After the indicated treatments, cells were lysed at 0°C by mild sonication (3 × 10 s) in RIPA buffer (Santa Cruz Biotech) plus protease inhibitors (Sigma). Protein concentrations were determined by BCA assay (Thermo Scientific) and equivalent protein amounts subjected to SDS-PAGE, transferred to polyvinyl difluoride (PVDF) membranes and probed with mouse monoclonal antibody to RAD51 (Millipore). Membranes were washed in TBST, incubated with HRP-conjugated goat anti-mouse IgG (Santa Cruz Biotechnology), washed again, and signal detected by chemiluminescence using ECL detection reagent (Bio-Rad). Antibodies were removed from the membrane by incubation in a solution containing 2% (w/v) sodium docecylsulfate, 62.5 mM Tris-HCl pH6.8, and 0.7% (w/w) β-mercaptoethanol for 15 min at 50°C and the membrane re-probed with primary antibody to actin (Santa Cruz Biotechnology) and signal detected as described above. Band intensities were quantified using Quantity One software (Bio-Rad) and RAD51 intensity in each lane was expressed relative to the corresponding actin band and normalized to vehicle treatment.
Immunofluorescence of Cells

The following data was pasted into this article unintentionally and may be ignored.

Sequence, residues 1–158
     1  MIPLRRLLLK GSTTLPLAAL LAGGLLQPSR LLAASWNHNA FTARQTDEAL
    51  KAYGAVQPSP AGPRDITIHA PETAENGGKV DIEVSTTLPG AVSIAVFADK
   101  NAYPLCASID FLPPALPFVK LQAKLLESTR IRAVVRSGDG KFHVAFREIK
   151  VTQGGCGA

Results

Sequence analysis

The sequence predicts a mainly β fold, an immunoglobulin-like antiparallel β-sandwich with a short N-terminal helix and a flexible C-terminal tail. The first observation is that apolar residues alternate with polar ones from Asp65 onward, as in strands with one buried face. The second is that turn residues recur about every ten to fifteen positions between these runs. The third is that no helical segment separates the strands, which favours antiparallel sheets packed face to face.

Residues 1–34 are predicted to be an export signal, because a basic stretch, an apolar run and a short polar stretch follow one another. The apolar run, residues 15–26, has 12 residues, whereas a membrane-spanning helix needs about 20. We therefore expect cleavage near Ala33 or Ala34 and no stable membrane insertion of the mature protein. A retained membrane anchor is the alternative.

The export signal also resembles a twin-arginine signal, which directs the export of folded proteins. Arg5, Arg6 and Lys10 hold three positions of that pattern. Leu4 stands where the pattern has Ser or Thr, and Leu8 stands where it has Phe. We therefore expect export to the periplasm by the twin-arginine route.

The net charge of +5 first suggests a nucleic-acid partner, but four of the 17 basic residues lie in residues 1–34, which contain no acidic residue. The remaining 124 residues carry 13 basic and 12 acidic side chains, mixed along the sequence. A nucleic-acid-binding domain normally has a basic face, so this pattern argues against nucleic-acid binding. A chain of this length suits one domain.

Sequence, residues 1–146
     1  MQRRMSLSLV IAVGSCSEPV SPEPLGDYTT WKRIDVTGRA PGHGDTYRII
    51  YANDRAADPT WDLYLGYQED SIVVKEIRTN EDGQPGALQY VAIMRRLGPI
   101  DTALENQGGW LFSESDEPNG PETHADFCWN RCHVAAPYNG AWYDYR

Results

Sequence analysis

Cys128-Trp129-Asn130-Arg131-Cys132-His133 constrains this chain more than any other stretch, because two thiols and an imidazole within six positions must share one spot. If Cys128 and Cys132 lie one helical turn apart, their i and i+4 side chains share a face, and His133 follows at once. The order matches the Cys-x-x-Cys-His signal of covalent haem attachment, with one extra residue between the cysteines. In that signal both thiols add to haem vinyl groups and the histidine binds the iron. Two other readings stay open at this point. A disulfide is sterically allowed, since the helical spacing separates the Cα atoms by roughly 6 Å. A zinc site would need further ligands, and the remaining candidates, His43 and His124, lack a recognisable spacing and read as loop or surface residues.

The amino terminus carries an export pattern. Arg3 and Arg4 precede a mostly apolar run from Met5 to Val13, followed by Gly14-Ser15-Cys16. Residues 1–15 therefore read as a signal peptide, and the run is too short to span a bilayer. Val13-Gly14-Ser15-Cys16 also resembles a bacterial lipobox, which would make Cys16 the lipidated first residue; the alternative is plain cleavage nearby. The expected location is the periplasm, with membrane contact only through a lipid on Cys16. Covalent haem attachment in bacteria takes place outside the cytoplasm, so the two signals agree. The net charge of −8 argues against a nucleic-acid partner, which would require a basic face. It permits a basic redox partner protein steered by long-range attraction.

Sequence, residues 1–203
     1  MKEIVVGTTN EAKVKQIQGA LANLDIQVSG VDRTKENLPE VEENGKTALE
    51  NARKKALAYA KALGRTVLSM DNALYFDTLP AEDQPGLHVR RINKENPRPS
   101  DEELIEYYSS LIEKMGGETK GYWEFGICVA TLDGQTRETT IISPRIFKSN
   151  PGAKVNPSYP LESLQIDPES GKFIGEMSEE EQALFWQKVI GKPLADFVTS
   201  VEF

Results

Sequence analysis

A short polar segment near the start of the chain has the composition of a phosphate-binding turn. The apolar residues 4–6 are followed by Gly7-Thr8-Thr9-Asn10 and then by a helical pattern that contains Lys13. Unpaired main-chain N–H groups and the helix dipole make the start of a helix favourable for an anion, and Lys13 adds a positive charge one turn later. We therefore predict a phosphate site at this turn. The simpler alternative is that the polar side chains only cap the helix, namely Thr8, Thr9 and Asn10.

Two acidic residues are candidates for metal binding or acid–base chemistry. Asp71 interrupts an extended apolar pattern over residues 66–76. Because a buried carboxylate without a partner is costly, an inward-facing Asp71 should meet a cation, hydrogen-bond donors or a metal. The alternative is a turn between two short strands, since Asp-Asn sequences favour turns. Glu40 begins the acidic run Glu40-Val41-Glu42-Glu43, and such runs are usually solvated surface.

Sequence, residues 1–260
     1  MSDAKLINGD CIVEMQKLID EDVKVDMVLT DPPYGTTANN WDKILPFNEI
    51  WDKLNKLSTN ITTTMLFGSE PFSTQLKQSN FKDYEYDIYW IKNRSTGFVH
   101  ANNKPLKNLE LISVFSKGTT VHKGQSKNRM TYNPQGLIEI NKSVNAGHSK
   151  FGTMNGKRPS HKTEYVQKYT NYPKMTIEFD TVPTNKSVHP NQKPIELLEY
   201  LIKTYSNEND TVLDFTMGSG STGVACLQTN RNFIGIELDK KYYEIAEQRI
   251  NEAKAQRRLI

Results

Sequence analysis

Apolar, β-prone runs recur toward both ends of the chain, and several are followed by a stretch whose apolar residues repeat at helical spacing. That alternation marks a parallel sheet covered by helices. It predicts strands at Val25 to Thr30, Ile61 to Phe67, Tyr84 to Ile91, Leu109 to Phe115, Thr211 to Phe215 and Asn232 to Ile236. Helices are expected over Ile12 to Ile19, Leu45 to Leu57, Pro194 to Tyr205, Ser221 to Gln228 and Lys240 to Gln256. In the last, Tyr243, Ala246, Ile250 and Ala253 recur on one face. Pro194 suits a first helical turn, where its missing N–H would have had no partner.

Cells were treated with or without B02 (20 μM) for 6 h followed by treatment with vehicle (DMSO) or DOX (160 nM) for a further 6 h. Cells were then washed free of external drugs and incubated in fresh RPMI-1640 medium for a further 24 h. Cells were harvested, centrifuged onto glass slides (Cytospin 4, Thermo Scientific), and fixed in 4% paraformaldehyde in PBS, pH 7.4, for 12 min at 22°C, followed by three 5-min washes in PBS. Cells were permeabilized (0.1% Triton X-100 in PBS, 15-min), washed in PBS (3×, 5 min each), and incubated 1 h at 22°C with blocking buffer (1.5% BSA in PBS). They were reacted >12 h at 4°C with primary antibodies [1:1000 goat polyclonal anti-RAD51 IgG (Santa Cruz Biotech.); or 1:1000 mouse monoclonal anti-γH2AX/ser139, clone JBW301 (Millipore)], washed in PBS (3×, 5 min each), and incubated 1 h at 22°C in the dark, with appropriate secondary antibodies [bovine anti-goat IgG Alexa Fluor 488 for RAD51, or goat anti-mouse IgG Alexa Fluor 594 for γH2AX (Jackson ImmunoResearch)]. Cells were washed 3× in PBS and mounted under coverslips with Prolong Antifade plus DAPI. Images were acquired with an LSM 510 Zeiss confocal laser-scanning microscope with a 63× oil objective. For quantitative analysis, ≥100 cells from each group were chosen at random and nuclei counted manually to determine the percentage positive for RAD51 and/or γH2AX (i.e., having ≥5 discrete foci/nucleus). Results were averaged from ≥3 biological replicates. Intensities of foci (integrated densities per nucleus) were measured using ImageJ software, with subtraction of background peripheral to each nucleus.